‘Stop the Mega-Dump’ arguments to be heard in September

By Melissa Mastrogiovanni

Stop the Mega-Dump met Monday night to update citizens on the appeal filed against the expansion of the DeKalb County dump.

Group Chairman Dan Kenney, said he received an email from the group’s attorney on Friday telling him that the Illinois Attorney General asked for a continuance in the case. Oral arguments are scheduled to be heard in September.

After the oral arguments are heard, it could be up to 12 months before the appellate court in Springfield reaches a decision, Kenney said.

Kenney said the group needs to generate more interest from community members to help pay for its legal fees. One proposed method was to educate the public on alternative waste technologies that are available, especially implementing recycling measures.

“Even Waste Management is buying up alternative energy technology companies because they realize they need to move away from landfills,” Kenney said.

Kenney said due to the continuance in its appeal, the group needs to consider their next steps.

If the Stop the Mega-Dump group loses its appeal, it could take its case to the Supreme Court, Kenney said.

While citizens wait on the appeal process, Mac McIntyre, Stop the Mega-Dump member, said people can ask the DeKalb County state’s attorney and the Attorney General if township law supersedes county law. McIntyre said there is a case for this claim.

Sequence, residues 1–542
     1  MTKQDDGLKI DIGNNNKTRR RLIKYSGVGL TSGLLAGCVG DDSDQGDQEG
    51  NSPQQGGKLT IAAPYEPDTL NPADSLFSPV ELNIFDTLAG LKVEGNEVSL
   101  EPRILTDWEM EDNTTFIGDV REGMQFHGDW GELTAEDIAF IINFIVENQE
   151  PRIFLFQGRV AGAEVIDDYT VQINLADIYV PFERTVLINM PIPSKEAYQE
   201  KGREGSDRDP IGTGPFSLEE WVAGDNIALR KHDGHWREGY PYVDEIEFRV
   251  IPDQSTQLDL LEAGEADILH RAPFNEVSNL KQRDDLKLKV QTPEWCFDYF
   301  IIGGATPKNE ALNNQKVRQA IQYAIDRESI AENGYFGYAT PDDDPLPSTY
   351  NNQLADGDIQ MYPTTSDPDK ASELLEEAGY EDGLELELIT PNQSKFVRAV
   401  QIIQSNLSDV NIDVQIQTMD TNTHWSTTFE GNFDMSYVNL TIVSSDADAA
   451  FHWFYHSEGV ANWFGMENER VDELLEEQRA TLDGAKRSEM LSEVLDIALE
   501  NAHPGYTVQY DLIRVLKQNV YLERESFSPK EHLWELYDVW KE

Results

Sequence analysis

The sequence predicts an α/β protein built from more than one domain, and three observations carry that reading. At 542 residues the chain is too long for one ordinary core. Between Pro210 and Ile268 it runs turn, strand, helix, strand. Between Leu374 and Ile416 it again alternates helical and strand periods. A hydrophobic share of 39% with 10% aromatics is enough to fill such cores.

“We have to fight them according to their rules,” McIntyre said.

Cortland will receive $1 million in compensation for expanding the dump which could potentially take in garbage from 17 Illinois counties, including Cook County.

“The main question citizens should ask is whether the government should be allowed to sell their responsibility to protect its citizens,” McIntyre said.

Aubrey Serewicz, toxicologist and main witness for the people against Waste Management at the March 2010 hearing, said he has done extensive research on the physiological effects on people surrounding the dump.

Serewicz said the harmful gas hydrogen sulfide escapes from the landfill and can accumulate to dangerous levels in the surrounding areas, especially the nearby Cortland Elementary School.

Serewicz said the school district hired someone to come in and install a monitoring system which would alert school officials if there were dangerous levels of harmful gases in the air. However, the data collection device is easily tampered with, Serewicz said.

“Clearly, the best interest of the people of Cortland have not been represented during the whole thing,” McIntyre said.

The group is scheduled to hold another meeting April 9.